Friends and volunteers build sets, play characters, and make the kinds of noises that, in the dead of night, on a farm at the end of a dirt road, can make a grown man scream. Many, many times, as I discover when Mark and I take the Dead North tour that night.
I keep running into the young woman in front of me. At some point I just give up apologizing; she gives up telling me it’s OK. At other times I try to play it cool and say hi to whoever is jumping out from the dark. But not a single part of me is relaxed. During most of the 40 minutes it takes us to navigate the course, my hands are tight fists, as if I’m ready to fight.
One man emerges from the corn with a revving chainsaw. Later, demented clowns spring to life; a room of spinning kaleidoscope colors makes me dizzy.
Someone creeps up behind Mark and whispers, “Run.”
“AHHHHHH!” he yells, hurtling into me.
When it’s over, Mark and I are … what? Relieved? Excited? Even capable of operating a large vehicle? We have no option regarding the latter: We’re due in Maine for the pumpkin festival and my date with a pie eating contest. So, adrenaline pumping, we drive.
I know people are watching, and I start strong. On the advice of an insider, I use my teeth to flip the pie tin upside down. Then I remove the tin and crash my face into the crust. The first few moments, I eat almost by instinct. Mouth opens, mouth closes.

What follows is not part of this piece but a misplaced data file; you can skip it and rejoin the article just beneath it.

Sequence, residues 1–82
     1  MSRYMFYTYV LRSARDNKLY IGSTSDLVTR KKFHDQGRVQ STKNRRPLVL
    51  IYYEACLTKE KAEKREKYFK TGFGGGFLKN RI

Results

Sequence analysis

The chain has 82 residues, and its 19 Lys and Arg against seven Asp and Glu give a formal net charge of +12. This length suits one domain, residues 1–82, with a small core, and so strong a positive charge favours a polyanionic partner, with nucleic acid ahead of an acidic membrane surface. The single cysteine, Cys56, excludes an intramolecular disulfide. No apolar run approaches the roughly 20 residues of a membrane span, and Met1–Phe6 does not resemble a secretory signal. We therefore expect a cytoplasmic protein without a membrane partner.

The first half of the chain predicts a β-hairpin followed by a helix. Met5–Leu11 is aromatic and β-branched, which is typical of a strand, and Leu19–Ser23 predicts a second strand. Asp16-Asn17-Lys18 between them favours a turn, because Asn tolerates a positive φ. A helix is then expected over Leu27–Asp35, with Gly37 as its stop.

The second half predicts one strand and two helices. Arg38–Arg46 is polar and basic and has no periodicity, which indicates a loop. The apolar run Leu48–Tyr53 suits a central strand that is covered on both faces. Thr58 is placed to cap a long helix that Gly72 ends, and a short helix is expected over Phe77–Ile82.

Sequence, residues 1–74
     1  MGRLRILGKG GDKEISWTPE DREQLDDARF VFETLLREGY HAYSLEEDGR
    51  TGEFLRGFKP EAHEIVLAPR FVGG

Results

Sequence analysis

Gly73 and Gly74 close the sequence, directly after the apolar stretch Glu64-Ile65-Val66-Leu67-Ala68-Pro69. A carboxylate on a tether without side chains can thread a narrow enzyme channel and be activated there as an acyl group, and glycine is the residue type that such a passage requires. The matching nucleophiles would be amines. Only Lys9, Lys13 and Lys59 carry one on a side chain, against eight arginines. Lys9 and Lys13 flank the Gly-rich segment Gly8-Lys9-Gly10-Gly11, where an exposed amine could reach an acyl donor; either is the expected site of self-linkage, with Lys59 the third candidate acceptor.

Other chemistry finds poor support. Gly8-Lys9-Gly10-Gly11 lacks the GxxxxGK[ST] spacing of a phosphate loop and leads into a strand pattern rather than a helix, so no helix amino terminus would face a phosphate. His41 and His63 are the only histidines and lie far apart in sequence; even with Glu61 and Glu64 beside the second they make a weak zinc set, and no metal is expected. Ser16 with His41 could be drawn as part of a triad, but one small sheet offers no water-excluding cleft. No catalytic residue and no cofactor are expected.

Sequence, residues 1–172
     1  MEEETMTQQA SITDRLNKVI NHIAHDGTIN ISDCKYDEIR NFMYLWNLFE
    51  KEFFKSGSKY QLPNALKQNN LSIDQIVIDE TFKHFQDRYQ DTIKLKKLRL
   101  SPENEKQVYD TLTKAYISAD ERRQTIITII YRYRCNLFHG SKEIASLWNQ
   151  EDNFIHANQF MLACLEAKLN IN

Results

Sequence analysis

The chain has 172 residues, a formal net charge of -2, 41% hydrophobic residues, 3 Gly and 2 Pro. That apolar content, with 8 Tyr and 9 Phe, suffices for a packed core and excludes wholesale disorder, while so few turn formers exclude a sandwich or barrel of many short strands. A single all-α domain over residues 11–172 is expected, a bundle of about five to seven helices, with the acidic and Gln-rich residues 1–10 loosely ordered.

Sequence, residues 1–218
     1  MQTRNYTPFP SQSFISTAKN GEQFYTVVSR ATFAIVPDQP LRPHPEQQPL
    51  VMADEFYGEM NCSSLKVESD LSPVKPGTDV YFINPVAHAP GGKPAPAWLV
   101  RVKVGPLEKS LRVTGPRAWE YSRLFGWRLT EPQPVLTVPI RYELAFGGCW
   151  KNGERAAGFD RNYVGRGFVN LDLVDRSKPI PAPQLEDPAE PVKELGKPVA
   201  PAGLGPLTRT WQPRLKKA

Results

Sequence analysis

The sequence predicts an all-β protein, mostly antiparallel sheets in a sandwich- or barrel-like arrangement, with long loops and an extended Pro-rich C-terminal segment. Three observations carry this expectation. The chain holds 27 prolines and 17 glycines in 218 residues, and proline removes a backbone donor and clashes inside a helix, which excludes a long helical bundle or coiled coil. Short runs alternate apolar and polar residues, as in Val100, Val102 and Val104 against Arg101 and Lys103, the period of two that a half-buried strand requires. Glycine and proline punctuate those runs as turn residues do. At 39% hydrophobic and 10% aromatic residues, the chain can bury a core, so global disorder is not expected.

But soon my drive ebbs, vanishes. I think I may never want to eat pumpkin pie again. Ever. I look up at the sky, bend forward, look at my fellow contestants, then glance over at Mark, who stands among the onlookers. Is he laughing? I try to go in one more time.
In the end, I consume barely half of what becomes a giant mess of whipped cream and pumpkin filling.
It was how the trip had to end: an over-the-top attempt to devour everything before time’s up. Just like autumn. It’s a season of beauty and bounty, but its true allure lies in its brevity. It is so brief, so defined, that we have to make each day count, with fairs and festivals, showy corn mazes, and unusual methods of calorie consumption. That’s the autumn Mark and I set out to discover, and that’s the season we found during our week on the road.
But damn, that was a lot of pie.